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Interview with Brad Mehldau   Printer Friendly Version
Author: Ben Pomeroy
Posted on: Sunday, October 27, 2002

Already a convert to Brad Mehldau’s music I headed to the Vanguard this Monday excited, but also with the confidence of knowing that I was going to experience a quality show. He was starting his first evening of a six show run at the Village Vanguard, a venue he knows quite well and where he has even recorded a live album.

The first set already sold out, I arrived for the closing eleven o’clock set which was standing room only. After I negotiated the crowded steps down into one of the most historic and snug jazz clubs in New York, I had the luck of being able to exchange a few words with Brad Mehldau himself before he sat down at his piano.

I found Mehldau in the back room of the club, feet on a desk chatting with his sidemen, bassist Larry Grenadier and drummer Jorge Rossy. Brad Mehldau has a calculative and polite demeanor as he smiles and listens carefully, interested and more than willing to talk with a fan. He is younger than most touring jazz musicians, 32, yet Brad Mehldau is a seasoned performer with several albums, international tours and industry awards under his belt. To his credit Meldau’s unassuming presence does not evoke any form of jadedness that can be the case with so many talented musicians who experience success and praise at an early age.

I asked Brad what his thoughts were on coming back to the Vanguard. He replied that it was always such an “intense” experience in the past that the trio could only do it once or twice a year. Mehldau said that they were on the eve of returning to the studio to record a new album, a follow up to his last release, Largo, with Warner Brothers. We would be hearing that night his usual coterie of ballads, originals and a few themes that they were experimenting on in a live format.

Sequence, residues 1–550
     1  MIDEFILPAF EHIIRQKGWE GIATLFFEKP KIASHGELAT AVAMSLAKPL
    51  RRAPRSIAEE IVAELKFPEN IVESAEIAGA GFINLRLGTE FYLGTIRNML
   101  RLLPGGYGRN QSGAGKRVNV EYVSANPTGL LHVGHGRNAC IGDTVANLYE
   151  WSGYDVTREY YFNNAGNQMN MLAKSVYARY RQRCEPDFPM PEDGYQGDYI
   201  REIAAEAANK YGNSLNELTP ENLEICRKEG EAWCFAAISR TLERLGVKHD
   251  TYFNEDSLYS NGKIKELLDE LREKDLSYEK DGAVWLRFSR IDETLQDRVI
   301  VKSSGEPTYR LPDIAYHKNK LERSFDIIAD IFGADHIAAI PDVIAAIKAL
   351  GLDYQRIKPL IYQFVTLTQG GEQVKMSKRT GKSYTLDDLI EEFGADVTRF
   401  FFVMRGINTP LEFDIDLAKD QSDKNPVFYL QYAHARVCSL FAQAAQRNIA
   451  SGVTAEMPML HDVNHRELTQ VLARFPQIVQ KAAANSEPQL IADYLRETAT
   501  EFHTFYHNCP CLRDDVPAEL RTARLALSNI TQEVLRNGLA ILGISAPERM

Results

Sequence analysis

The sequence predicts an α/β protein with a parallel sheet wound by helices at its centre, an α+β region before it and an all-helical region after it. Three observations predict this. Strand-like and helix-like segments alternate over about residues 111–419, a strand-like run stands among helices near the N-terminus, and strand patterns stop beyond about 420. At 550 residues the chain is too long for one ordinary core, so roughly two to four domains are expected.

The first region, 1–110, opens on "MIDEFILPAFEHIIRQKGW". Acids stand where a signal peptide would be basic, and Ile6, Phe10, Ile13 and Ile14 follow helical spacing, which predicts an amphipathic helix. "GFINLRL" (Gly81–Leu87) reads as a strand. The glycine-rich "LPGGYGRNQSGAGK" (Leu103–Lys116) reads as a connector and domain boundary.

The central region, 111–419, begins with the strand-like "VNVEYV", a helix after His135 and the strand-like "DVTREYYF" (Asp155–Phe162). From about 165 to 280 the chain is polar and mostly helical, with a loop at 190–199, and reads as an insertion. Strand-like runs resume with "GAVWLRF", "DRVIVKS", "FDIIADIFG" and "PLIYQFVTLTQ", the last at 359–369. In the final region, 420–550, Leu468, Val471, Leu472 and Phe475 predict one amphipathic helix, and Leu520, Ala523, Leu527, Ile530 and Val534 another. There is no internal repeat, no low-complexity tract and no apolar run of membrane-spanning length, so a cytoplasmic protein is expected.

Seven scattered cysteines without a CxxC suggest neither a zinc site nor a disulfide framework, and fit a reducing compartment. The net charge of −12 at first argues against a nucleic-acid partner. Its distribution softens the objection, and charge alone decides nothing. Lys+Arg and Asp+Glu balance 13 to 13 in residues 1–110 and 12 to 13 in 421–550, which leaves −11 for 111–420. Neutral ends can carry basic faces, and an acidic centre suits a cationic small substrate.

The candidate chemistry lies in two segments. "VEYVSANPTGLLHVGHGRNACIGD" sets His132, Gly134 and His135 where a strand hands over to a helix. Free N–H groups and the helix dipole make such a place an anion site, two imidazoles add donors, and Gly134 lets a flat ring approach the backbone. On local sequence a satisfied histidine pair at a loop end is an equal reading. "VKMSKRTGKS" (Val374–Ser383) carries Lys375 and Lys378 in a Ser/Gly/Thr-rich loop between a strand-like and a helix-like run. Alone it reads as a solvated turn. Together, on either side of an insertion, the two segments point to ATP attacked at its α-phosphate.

I first caught wind of Brad Mehldau with his arrangement of the Indie rock masterpiece, “Exit Music (For a Film)” by the English band Radiohead. I asked him what drew him to such pop pieces and more esoteric works like Nick Drake’s “Riverman”. He stated that with most popular music there is a level of simplicity within the structure that allows for improvisation and interpretation. Such is the case with his rendition of “Blackbird”, an almost perfectly composed piece in its simple structure and beauty, in which a listener may feel that any derivation from Lennon and McCartney’s format would be a corruption. Mehldau rebukes such a thought as he honors and amplifies the original themes of the song and extends them by adding a short improvisational piano section.

After speaking with Mehldau I returned to my seat and the house lights dimmed. Larry Grenadier and Jorge Rossy took the stage followed shortly by Mehldau in the same quiet polite manner in which he presented himself to me. With a meditative breath and exchange with his rhythm section he laid into his first piece, “In to Eden”.

“Mehldau doesn’t just play songs he plays commentaries”, remarked a friend midway through the song. Throughout the set Mehldau commented with punctuated melodies and floating cords, paying dues to Cole Porter and Radio Head once again. Rossy and Grenadier locked seamlessly with Mehldau, they themselves rhythmically commenting or not commenting, as sections are stretched and space is given to isolate certain piano phrasing. These are the typical silent statements that add weight to a Mehldau composition. Such absences have coined much of Mehldau’s style in the past. Rossy and Grenadier approach the music with the same thoughtfulness that Mehldau does, a fortunate result of having played for so long as a Trio. Rossy and Grenadier play through the music as one unit, not simply individuals playing together. Each of them a virtuoso in their instruments, they layer their respective sounds and augmentations with taste and color. Mehldau closed the set with a sad and elegant ballad. His final comment of the night. He thanked the crowd and exited quietly.

Leaving a Brad Mehldau show is somewhat like leaving a beautiful reading of your favorite poem or story, or an inspirational lecture by your favorite professor their living room. You feel intellectually nourished and emotionally awakened.

We have much to look forward to in the remainder of this week and beyond in the career of Brad Mehldau.


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